There is a Sufi proverb that says that food eaten in anger turns to poison. So surely that means that food eaten in a state of happiness turns to love! 🙂 There is nothing better than inviting good friends to your home for a catch up over a meal cooked with lots of love. That’s why I’m a big fan of roasts – they are simple and easy to prepare, you just bung it in the oven and leave it until it’s done. It’s a meal that allows you to go out and talk to guests instead of having to constantly run in to check the stove.
If you’re not preparing a starter – I am a huge fan of the appi plate. Just stick a large pretty plate on the coffee table with a selection of olives, bread, cherry tomatoes, and a prepared appi for people to enjoy while waiting for the fat lady to sing. This time I prepared ham, a mini mozzarella ball, basil leaf and a cherry tomato :-)I woke up at 9.30am, made myself a cuppa, and started on my dessert, a classic Victoria Sponge from my current cookbook read, Cook with Jamie. It’s a super easy recipe, and very hard to get wrong. I know this for a fact because I don’t bake a lot, it’s the first time I’ve made a sponge and it was easy as pie, so to speak.
zest of one lemon
♥ Preheat the oven to 180°C. Prepare two 8″ round cake tins: grease the bottom and sides, line the bottom with greaseproof paper and lightly dust the sides with flour.
♥ Beat the sugar at the butter together until white and fluffy. Add the eggs one at a time beating each one in well before adding the next.
♥ Fold in the flour and the lemon zest.
♥Divide the mixture evenly between the two pans, using a spatula to spread it out evenly, then bake for 20 minutes until brown and risen. Let cool a little then rest on a wire rack to cool completely.
150g …… strawberry jam
260g …… fresh strawberries, sliced
285ml….. double cream
2 tbsp …. caster sugar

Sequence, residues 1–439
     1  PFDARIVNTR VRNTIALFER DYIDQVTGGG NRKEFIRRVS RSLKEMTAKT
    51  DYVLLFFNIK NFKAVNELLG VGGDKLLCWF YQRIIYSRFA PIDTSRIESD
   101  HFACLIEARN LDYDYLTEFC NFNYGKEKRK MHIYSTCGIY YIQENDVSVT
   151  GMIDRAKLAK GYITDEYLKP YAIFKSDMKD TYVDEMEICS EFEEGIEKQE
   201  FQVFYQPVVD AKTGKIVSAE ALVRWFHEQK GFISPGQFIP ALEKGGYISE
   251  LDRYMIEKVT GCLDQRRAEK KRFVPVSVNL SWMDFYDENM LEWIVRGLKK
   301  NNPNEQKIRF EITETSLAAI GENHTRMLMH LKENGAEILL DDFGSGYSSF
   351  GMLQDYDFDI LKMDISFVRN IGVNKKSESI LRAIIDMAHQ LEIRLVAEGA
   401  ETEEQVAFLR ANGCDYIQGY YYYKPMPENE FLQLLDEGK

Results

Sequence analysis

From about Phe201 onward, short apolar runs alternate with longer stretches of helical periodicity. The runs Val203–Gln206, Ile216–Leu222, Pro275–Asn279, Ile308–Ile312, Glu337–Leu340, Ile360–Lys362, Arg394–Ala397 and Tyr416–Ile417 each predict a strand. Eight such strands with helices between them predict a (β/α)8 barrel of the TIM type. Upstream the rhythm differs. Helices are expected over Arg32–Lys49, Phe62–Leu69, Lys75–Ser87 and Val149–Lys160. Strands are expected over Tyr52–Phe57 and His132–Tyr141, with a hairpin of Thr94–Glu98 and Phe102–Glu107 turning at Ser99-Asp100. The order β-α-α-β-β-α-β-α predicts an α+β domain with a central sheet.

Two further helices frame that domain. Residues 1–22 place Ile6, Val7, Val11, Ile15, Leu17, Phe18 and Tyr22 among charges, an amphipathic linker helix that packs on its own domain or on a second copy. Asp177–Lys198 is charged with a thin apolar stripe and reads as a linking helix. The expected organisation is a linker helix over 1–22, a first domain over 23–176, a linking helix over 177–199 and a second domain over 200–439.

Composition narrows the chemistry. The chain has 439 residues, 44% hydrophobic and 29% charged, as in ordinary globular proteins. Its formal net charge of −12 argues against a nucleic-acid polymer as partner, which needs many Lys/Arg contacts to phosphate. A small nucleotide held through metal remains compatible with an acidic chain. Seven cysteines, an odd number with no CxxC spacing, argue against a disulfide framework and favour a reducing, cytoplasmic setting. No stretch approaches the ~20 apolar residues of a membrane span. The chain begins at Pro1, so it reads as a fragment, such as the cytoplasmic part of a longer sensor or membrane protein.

1/2 ………. lemon, juiced
1 …………. vanilla pod, scored lengthways and deseeded
icing sugar for dusting
♥ Gently warm the jam in a pan, then remove from heat and add the fresh strawberries.
♥ Whip the cream with the sugar, lemon juice and vanilla seeds until you have nice soft peaks. If you don’t have vanilla pods, you can always substitute with real vanilla essence.
♥ Saving the most attractive sponge for the top, place the other on a serving platter. If it’s a little too risen in the middle, take a knife and slice off a bit to make it flat. Spoon on your strawberry mixture, then spread out the cream on top. Leave a bit of room at the edges for the mixture to spread when you add the top layer of cake.
♥ Dust the top of the cake with icing sugar. While the top can be left naked and traditionally bare, I decorated with strawberries.
|For the record, that is not my hand!|
This was my first time using our oven to cook a leg of lamb roast. I bought the roasting joint from Pacific Gourmet – I’m really loving trying out all the online food purveyors and they are my go-to store for meat. Make sure you mention how you want your meat prepared. I made no such specifications, and it was delivered with the rump bone still attached – it makes it harder to carve, and alters the roasting time. I ended up calling Conrad at the Caine Road store for some tips, and he mentioned that I’m lucky I can fit the whole thing in my oven! Usually, he would cut off the rump bone, and sometimes even break the joint so that it can fit in smaller HK ovens. I bought a 3kg bone-in leg of lamb and roasted it, as per Conrad’s instruction, for 1hour and 45 mins – 2 hours (1hr50mins to be exact). I should have take into account that our oven seems more powerful than others I’ve used, so the meat was super juicy, but not as pink as I would have liked. JY kept assuring me that legs of lamb are hard to roast to pink perfection – but I’m sure he was saying it to make me feel better! Next time, I’ll keep it to 1 1/2 hours at 180°C.